Before he was basically the biggest rapper in the country, with back-to-back No. 1s on the Billboard Hot 100 ("Thrift Shop" and "Can't Hold Us"), and another Top 20 track (the treacly gay-equality anthem "Same Love"), rapper Ben "Macklemore" Haggerty wrote a song called "White Privilege." (Sample lyrics: "Where's my place in a music that's been taken by my race / Culturally appropriated by the white face.")
"If you’re going to be a white dude and do this shit, I think you have to take some level of accountability," Haggerty says. "You have to acknowledge where the art came from, where it is today, how you’re benefiting from it. At the very least, just bringing up those points and acknowledging that, yes, I understand my privilege, I understand how it works for me in society, and how it works for me in 2013 with the success that The Heist has had."
"We made a great album," he continues, "but I do think we have benefited from being white and the media grabbing on to something. A song like ‘Thrift Shop’ was safe enough for the kids. It was like, ‘This is music that my mom likes and that I can like as a teenager,’ and even though I’m cussing my ass off in the song, the fact that I’m a white guy, parents feel safe. They let their six-year-olds listen to it. I mean it’s just…it’s different. And would that success have been the same if I would have been a black dude? I think the answer is no."
I think first congratulations are due to Macklemore for self-congratulating so articulately.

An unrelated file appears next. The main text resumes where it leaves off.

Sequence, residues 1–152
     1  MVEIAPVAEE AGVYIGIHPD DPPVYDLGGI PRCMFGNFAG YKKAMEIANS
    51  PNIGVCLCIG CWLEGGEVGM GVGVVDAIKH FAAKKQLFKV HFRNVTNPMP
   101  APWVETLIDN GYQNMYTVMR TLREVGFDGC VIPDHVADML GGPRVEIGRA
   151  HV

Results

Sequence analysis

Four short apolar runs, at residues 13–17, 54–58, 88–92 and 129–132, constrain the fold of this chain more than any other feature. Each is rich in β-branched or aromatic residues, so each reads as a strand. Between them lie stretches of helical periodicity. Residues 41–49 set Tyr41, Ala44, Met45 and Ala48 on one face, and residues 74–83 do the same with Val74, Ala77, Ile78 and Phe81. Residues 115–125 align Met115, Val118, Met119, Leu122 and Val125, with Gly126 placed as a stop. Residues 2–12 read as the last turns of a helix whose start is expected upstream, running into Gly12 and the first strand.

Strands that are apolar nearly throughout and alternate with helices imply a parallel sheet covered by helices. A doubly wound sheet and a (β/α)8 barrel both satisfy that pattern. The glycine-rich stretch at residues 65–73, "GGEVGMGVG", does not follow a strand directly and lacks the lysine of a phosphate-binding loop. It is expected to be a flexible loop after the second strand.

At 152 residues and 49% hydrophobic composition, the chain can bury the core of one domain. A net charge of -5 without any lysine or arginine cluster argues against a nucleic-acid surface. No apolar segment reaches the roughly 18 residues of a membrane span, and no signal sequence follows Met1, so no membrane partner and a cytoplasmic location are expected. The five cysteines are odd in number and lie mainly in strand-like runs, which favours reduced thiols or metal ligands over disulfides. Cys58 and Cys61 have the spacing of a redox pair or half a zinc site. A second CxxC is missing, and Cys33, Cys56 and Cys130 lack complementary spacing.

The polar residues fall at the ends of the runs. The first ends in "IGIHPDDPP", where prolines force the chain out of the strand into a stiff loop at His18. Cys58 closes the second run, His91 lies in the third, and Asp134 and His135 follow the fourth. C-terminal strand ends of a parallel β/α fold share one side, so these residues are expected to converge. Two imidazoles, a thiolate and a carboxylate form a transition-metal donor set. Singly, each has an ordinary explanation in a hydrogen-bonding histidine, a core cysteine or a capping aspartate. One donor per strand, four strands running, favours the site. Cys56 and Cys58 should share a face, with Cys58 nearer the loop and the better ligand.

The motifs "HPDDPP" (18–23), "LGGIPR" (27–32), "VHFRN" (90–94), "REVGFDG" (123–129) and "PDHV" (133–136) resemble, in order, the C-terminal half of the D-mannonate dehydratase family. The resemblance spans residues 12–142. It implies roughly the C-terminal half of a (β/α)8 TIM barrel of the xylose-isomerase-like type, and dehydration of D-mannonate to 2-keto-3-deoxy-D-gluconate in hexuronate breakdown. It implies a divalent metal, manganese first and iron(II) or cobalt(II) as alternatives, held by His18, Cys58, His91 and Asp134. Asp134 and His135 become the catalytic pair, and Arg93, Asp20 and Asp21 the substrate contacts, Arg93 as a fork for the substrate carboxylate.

Furthermore, to me this quote exposes the practical uselessness of so much of the privilege discourse you see on the Internet and very rarely elsewhere. If one checks his privilege, as he is often encouraged to do by seemingly concerned and arguably condescending individuals, while continuing to go about his business and do the things he would be doing anyway, doesn't his behavior become flagrantly imperialistic? I mean, you can do all sorts of shitty things like robbing old people or rhyming "change us" with "change us," and just because you are aware that it's a shitty thing to do doesn't make it less shitty. In fact, that awareness makes it shittier: "I'm taking advantage of the unfairness of the world, and what?" It seems like in this case, ignorance would make the shittiness more forgivable, if we are agreeing that it's shitty for a white man to be rapping. I don't know that it is, in principle, though if this specific white man quit rapping, I wouldn't complain.
But shouldn't a white man who has hip-hop in his heart and awareness in his brain (of his privilege and of injustice and of how white audiences will gravitate to him just cuz) stop rapping? Shouldn't he convince his listeners that to balance out systematic power, they would be doing a much better thing for the world by turning him off and listening to Kendrick Lamar?
(Race matters aside, you would, by the way, be doing a better thing for the world and your brain if you listened to Kendrick Lamar instead of Macklemore.)
But maybe Macklemore is no model for putting big ideas into practice. Early on in Brian Hiatt's piece, the writer notices that Macklemore is wearing Nikes, which would seem to contradict his anti-consumerist song "Wings" ("These Nikes help me define me / But I’m trying to take mine off"). In response, Macklemore says:
"Am I being a hypocrite? Absolutely. But that's OK. I'm a fucking human being and I don't need to be perfect. I can make a song like 'Wings' and wear Nikes."
You can shrug everything off by saying, "I'm a fucking human being," or you can actually be a fucking human being and use your fucking human being brain so that you become the change you say you wish for the world. I don't know if the above quote signals more privilege or just laziness. Maybe sometimes they're one and the same.
[Image via Getty]